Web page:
Also this system helps capture the image data of an object and obtain the spectrum data thereof with high wavelength resolution, requiring, just as described above, less time in capturing the image data and obtaining the spectrum data and a simple configuration in the spectrum data obtaining apparatus. Furthermore, analysis of the image data, i.e. extraction of the rough characteristics of the object over a broad area, and analysis of the spectrum data, i.e. extraction of the detailed characteristics of the object within a limited portion thereof, are performed by the system itself, and thus the user is not required to make any determination. Accordingly, it is possible to analyze the object, i.e. extract the characteristics thereof, quickly and with stable quality at all times.

Both of the systems described above may be so designed that at least a part of the wavelength range of the spectrum data obtained by the spectrum data obtaining apparatus lies outside the wavelength range of the image data captured by the image data capturing apparatus. This makes it possible to obtain information that would not be obtained no matter how high the wavelength resolution of the image data may be made. For example, by setting the wavelength range of the image data to be equal to that of visible light and setting the wavelength range of the spectrum data to be equal to that of infrared rays or of visible light plus infrared rays, it is possible to obtain not only information about the appearance of the object but also information that would not been obtained through inspection of the object by appearances.

BRIEF DESCRIPTION OF THE DRAWINGS

This and other objects and features of the present invention will become clear from the following description, taken in conjunction with the preferred embodiments with reference to the accompanying drawings in which:

FIG. 1 is a sectional view showing the outline of the construction of the optical system of a spectroscopic image input system embodying the present invention;

FIG. 2 is a diagram showing the filter disk provided in the image data capturing apparatus of the above-mentioned spectroscopic image input system;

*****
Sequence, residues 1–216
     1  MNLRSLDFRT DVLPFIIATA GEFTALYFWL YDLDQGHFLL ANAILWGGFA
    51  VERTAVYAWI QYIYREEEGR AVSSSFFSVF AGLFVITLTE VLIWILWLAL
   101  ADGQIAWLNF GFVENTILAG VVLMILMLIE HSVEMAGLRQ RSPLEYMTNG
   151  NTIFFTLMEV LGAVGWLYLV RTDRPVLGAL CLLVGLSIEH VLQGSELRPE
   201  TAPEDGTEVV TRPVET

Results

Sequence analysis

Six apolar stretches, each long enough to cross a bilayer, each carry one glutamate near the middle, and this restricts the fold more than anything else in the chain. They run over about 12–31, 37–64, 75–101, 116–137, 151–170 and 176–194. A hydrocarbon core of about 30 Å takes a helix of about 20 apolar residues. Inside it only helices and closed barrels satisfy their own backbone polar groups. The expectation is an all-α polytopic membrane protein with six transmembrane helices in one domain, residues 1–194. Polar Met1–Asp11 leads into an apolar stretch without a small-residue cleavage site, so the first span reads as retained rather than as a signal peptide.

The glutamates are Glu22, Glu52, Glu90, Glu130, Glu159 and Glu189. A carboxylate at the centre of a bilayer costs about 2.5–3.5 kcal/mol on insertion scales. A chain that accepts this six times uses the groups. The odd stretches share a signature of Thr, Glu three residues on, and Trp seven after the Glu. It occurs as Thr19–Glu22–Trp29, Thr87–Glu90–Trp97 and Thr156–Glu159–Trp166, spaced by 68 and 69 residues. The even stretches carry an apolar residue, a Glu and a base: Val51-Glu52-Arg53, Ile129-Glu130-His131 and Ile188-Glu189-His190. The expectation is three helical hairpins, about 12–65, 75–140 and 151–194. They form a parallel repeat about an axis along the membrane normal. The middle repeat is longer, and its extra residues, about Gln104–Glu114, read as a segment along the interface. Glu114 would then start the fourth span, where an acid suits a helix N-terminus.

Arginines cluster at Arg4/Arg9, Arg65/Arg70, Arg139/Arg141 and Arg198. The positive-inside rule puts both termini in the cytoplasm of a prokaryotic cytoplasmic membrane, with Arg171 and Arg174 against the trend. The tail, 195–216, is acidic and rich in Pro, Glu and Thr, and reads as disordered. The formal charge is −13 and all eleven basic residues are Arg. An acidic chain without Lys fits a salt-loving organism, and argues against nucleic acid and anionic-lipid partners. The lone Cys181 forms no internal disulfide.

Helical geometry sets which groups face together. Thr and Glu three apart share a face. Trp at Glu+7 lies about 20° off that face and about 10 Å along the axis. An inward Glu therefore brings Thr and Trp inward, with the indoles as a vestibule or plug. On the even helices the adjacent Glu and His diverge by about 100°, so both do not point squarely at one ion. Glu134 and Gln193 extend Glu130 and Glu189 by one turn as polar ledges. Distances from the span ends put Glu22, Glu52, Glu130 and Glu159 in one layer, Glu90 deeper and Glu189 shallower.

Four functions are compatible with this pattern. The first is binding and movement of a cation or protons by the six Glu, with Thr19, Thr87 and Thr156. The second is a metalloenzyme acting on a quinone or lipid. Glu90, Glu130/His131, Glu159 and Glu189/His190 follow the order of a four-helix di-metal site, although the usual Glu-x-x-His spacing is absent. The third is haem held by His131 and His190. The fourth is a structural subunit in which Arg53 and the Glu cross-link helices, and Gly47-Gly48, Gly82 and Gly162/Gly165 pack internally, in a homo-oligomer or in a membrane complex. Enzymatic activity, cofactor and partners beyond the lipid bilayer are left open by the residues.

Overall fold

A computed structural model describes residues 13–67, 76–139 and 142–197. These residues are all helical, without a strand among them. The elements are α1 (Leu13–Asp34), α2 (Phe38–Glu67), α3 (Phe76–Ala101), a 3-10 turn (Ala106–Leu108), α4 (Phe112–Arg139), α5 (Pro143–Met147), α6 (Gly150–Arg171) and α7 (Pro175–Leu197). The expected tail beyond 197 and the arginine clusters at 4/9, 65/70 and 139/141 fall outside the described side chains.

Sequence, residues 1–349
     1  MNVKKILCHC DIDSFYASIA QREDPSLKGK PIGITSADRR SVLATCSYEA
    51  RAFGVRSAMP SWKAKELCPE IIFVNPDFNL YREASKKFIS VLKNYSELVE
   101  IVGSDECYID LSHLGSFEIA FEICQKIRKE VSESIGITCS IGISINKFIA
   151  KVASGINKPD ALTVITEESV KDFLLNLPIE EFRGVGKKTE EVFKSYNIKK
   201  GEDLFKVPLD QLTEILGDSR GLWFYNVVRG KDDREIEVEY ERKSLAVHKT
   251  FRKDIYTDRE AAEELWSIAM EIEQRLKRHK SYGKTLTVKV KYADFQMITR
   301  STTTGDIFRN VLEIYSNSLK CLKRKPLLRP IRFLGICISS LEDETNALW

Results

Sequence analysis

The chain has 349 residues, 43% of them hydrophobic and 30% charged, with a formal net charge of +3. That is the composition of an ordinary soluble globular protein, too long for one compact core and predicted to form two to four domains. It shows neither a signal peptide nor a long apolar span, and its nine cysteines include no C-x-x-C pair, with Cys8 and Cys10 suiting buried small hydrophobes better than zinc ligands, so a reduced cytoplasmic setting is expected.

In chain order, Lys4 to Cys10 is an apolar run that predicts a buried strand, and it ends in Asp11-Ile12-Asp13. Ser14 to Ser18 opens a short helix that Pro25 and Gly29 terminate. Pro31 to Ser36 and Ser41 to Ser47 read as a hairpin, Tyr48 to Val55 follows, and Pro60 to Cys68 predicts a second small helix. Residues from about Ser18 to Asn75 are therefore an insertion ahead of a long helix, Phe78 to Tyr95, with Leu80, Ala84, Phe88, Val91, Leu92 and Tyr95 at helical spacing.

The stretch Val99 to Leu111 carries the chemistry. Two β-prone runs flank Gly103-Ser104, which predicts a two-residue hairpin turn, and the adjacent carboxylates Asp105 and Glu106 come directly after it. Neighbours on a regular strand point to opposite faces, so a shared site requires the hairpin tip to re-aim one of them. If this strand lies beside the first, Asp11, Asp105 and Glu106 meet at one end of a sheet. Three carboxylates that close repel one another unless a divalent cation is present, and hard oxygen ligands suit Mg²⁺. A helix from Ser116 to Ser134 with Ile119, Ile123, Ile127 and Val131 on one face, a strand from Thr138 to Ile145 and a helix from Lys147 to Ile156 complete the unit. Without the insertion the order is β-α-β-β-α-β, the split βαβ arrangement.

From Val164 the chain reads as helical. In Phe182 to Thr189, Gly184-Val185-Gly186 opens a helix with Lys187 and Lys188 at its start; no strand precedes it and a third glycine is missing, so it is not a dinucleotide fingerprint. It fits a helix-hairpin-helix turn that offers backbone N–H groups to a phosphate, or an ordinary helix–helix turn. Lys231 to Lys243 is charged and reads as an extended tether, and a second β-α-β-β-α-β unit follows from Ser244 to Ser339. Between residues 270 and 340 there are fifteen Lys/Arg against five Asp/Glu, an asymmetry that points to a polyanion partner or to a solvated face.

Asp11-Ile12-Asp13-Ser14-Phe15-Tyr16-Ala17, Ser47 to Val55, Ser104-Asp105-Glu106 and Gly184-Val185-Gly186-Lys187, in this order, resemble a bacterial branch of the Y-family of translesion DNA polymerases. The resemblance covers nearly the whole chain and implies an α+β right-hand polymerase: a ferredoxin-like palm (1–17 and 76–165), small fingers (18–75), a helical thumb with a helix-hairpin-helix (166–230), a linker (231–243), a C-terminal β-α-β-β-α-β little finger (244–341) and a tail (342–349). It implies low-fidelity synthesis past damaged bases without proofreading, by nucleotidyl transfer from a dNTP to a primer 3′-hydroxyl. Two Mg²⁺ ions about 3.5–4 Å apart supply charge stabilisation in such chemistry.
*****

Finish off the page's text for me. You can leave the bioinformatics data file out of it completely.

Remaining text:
FIG. 3 is a diagram showing the filter disk provided in the spectrum data obtaining apparatus of the above-mentioned spectroscopic image input system;

FIG. 4 is a sectional view showing the outline of the construction of the interference light forming/sensing section provided in the spectrum data obtaining apparatus of the above-mentioned spectroscopic image input system;

FIG. 5 is a block diagram showing the outline of the configuration of the entire spectroscopic image input system mentioned above;

FIG. 6 is a diagram showing an example of the screen displayed in the above-mentioned spectroscopic image input system; and

FIG. 7 is a flow chart showing how the above-mentioned spectroscopic image input system operates.

DESCRIPTION OF THE PREFERRED EMBODIMENTS

Hereinafter, an embodiment of the present invention will be described with reference to the accompanying drawings. FIG. 1 is a sectional view showing the outline of the construction of the entire optical system of a spectroscopic image input system embodying the invention. The spectroscopic image input system of this embodiment is composed of an image data capturing apparatus 1 for capturing and displaying multiple-channel two-dimensional image data and a spectrum data obtaining apparatus 2 for obtaining the spectrum data in a specified position of the image data captured by the image data capturing apparatus 1. Here, as will be described later, a multiple-channel image refers to an image composed of a plurality of spectroscopic images each covering a different wavelength range.

The spectrum data obtaining apparatus 2 is coupled to the image data capturing apparatus 1 through a flexible coupling 25 so as to be rotatable in a pitch direction 26 and in a yaw direction 27. The coupling 25 has a pitch-direction rotary shaft 3 and a yaw-direction rotary shaft 4. The spectrum data obtaining apparatus 2 is driven by a driving mechanism (not shown) to rotate about those two rotary shafts 3 and 4 so as to be able to obtain spectrum data from a desired position of the image data.

In the image data capturing apparatus 1, out of the light coming from an object (not shown), the light having passed through a lens 5 passes through a filter 6 fitted on a filter disk 7 and then focuses on a two-dimensional image-sensing device 8. FIG. 2 shows the filter disk 7 in more detail. As shown in FIG. 2, the filter disk 7 is fitted with a plurality of (in FIG. 2, six) filters 6 having different spectroscopic transmission characteristics. In the image data capturing apparatus 1, by rotating the filter disk 7 and thereby switching the filters 6 through which the light passes, it is possible to obtain the image data of a plurality of spectroscopic images having different wavelength ranges. Here, the wavelength resolution is six at the maximum.